David’s devotion continues to amaze me. This latest act clearly demonstrates his commitment to our partnership. During his visit we hiked to Avalanche Lake, one of the more popular trails on the west side of Glacier National Park. The trail was very muddy that day, it pretty much rains the entire month of June here and the park’s Lake McDonald Valley is considered a Pacific Northwest rain forest. But we persevered, sloshing through the trees while marveling at the size and beauty of the cedars, black cottonwoods and western hemlocks.

We discussed many subjects on the hike. That’s one of the great things about hiking with a friend. You really get to know each other better as you both march toward an end goal. I told David how surprised I was at my ability to manage the stress of this new job, particularly with the amount of patience I was exhibiting.

Things or situations in the past that were frustrating or caused anger did not seem to have the same affect on me now. Could it be, I wondered aloud, that life’s experiences coupled with the hardships and trauma of the last six years had instilled a coping mechanism that is enabling me to deal with all of the daily troubles and problems.

A lost purse, a blown tire, a missed reservation — all in a day’s work behind the concierge desk. A train running late, an allergic reaction to a bug bite, directions to the nearest location with cell phone service ??? … No problem, I have the answers.

One of our drivers has said I have “nerves of steel” while another declared I have the biblical “patience of Job.” Flattering comments I will more than accept after the harsh reactions to our no refund policy when the road was closed.

Avalanche Lake

Avalanche Lake

Meanwhile, the hike to Avalanche Lake was certainly the bright spot of David’s visit. He’s back in South Florida now and I, for the first time in my National Park tenure, have my own transportation. I usually load up the Jeep after work most days and escape into the park, looking for that quiet spot to rest my mind and write.

Glacier is indeed beautiful, snow capped peaks atop rugged Matterhorn-like mountain ranges surround you with the Going-To-The-Sun Road cutting a path through the heart of the park. The scenary along the road is breathtaking and I understand now why the demand to open it was so great. It is an engineering achievement of the highest order. Man’s crowning conquest atop God’s spectacular creation.

As I look to build upon my experience here I must acknowledge the last two months have been incredibly hard and the next hard choice I make is whether I should stick it out with no promises that it will get any easier. Perhaps this is where my road to recovery ends. Knowing when to make the right decision.

 





Closing one door, opening another

23 06 2014

Greetings from the far reaches of North America. I am corresponding from Glacier National Park in northwest Montana. The rivers are flowing fast and hard here as the snow continues to melt atop these spectacular mountains.

Together with Waterton Park in Canada, this area of wilderness was declared in 1932 to be the world’s first International Peace Park. At this point in my life it is the perfect place for me.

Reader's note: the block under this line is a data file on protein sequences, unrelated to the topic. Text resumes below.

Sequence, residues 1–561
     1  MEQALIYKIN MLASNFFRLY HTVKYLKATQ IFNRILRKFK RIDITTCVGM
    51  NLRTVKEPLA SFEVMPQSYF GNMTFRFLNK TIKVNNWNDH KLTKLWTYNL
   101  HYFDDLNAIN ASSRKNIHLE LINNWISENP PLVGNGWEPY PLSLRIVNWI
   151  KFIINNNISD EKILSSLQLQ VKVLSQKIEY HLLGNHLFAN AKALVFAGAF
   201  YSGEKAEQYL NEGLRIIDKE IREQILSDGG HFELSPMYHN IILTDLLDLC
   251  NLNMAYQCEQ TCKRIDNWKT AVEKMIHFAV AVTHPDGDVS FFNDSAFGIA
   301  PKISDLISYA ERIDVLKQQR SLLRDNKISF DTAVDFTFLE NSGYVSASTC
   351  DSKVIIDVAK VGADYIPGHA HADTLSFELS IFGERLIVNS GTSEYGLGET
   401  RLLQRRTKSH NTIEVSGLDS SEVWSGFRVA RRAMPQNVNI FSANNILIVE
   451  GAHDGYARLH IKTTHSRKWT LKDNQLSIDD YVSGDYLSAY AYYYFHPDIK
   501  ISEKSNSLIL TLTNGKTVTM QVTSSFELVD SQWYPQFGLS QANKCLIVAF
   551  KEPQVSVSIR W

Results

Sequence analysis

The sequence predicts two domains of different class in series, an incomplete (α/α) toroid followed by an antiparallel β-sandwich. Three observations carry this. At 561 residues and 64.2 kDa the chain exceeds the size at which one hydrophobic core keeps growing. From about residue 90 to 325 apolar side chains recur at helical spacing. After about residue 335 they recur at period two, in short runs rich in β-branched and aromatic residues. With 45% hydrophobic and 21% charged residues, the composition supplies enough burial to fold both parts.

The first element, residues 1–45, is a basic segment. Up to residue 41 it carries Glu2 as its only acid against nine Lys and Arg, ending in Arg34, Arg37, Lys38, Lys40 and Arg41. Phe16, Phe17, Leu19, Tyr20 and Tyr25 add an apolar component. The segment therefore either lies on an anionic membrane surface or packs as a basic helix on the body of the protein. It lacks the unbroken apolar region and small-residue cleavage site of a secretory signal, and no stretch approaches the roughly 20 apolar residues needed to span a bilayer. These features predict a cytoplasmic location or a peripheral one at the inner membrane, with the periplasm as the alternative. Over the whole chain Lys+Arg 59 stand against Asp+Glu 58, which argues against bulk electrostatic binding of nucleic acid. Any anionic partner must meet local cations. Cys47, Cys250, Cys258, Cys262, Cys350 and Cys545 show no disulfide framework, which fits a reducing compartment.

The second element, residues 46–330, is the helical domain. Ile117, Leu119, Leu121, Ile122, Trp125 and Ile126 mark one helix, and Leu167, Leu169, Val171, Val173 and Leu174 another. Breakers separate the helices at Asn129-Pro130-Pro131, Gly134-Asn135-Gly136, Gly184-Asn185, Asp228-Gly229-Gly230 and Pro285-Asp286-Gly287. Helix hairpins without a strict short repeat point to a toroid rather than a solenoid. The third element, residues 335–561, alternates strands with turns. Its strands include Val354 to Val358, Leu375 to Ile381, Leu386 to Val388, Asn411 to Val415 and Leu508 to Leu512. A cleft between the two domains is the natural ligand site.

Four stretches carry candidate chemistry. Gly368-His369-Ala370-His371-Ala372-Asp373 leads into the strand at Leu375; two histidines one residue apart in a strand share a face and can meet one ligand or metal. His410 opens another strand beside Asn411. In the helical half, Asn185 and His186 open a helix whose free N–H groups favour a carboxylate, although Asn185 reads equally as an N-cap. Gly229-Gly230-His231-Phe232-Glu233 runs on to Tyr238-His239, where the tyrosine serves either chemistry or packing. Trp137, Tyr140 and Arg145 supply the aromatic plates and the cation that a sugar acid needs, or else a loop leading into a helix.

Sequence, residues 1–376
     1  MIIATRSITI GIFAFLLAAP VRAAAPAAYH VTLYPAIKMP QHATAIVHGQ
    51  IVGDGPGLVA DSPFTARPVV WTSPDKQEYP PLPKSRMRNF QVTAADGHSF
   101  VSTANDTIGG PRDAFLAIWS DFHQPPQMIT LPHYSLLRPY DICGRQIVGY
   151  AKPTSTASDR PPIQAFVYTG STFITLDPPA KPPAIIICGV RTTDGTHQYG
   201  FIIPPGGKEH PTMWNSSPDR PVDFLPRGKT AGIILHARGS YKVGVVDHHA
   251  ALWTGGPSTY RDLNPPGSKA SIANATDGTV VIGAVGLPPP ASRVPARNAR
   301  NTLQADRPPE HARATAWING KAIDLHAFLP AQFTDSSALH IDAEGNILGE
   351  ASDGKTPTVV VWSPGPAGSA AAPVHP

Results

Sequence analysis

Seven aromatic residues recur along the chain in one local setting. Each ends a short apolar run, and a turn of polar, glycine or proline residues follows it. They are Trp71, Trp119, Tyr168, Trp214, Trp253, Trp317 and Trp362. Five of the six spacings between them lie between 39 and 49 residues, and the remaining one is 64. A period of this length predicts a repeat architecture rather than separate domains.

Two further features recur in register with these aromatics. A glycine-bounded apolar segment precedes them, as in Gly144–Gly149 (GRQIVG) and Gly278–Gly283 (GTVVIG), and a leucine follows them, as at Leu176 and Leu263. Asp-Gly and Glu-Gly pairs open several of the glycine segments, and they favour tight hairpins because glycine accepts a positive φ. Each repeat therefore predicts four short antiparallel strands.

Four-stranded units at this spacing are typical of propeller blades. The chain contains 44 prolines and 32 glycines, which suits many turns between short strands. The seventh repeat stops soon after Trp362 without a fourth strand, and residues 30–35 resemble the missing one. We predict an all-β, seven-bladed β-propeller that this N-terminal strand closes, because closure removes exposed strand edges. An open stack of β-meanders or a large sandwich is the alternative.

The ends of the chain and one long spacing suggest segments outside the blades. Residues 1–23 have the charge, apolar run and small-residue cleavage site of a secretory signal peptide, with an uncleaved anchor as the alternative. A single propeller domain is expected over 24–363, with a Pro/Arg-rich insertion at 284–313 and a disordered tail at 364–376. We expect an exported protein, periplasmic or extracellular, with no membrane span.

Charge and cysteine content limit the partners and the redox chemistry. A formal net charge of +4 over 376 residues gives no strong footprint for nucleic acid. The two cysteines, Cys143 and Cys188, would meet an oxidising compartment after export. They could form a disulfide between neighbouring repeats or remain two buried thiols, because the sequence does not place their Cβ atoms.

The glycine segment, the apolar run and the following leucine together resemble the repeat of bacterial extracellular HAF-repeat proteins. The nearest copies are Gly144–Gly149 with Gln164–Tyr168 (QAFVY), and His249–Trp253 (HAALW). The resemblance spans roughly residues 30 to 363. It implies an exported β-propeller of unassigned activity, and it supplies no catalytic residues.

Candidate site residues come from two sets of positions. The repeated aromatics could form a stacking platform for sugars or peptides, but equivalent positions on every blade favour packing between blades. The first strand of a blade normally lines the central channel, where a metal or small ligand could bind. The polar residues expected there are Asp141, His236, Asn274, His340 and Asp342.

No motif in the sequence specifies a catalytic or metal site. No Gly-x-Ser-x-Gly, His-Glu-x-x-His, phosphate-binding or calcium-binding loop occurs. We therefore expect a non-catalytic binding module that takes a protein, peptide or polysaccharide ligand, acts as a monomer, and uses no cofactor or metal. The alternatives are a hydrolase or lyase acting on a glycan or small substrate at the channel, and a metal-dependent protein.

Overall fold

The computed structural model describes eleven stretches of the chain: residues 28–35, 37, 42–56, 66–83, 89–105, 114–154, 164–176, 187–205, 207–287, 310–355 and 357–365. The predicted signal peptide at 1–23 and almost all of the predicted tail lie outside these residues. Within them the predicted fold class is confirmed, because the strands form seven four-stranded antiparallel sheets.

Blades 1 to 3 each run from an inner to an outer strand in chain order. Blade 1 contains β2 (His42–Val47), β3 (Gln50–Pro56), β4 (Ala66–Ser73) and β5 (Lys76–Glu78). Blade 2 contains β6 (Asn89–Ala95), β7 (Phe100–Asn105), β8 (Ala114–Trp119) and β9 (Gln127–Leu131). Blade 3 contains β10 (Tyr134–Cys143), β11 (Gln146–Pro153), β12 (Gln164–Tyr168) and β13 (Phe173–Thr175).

I have recently made peace with Panama City. The sale of our house is final and a decade long culture war has come to an end. I fought authority and challenged convention in one of the most conservative sections of the country and while I no doubt have battle scars to prove it, closure is vitally important.

And now we move on.

I find myself in Glacier hoping for nature’s healing hand to guide me again. The job is, quite frankly, the most responsibility ever bestowed upon me and I eagerly look forward to the challenge. I am managing a fleet of 27 vehicles and more than 50 drivers — each with their own unique personality.

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From my concierge desk inside historic Lake McDonald Lodge, I also oversee a staff of four concierges whose job it is to see that our guests and visitors not only enjoy their stay to the fullest, but also find their way onto one of the red buses, Glacier’s iconic touring cars. This is the centennial season for Lake McDonald Lodge and events are planned for throughout the summer.

No pressure for the guy named John McDonald.

Admittedly, the first month here was challenging. With a new company taking over the park’s lead concessionnaire contract, there was some confusion as we prepared to open our summer season. This was expected. There are obviously skeptical locals and those loyal to the former company whose grumbling I have experienced first hand.

For me, the transition from a labor activist to a middle manager is conflicting to say the least. I am beginning to see things from the other side. I am doing quite a lot of pausing and reflecting.

My father built a 30-year career in management — with one company, no less. I am hoping some of those skills are hereditary.

Lake McDonald is a nine-mile long glacial lake over a mile wide and 472 feet deep. When calm its royal blue waters reflect the neighboring mountain range in an amazing  mirror-like display that draws thousands to this remote location every year. It was named after Duncan McDonald, a fur trapper, trader and important negotiator with the natives. Duncan McDonald is described by one former red bus driver as a “Métis.”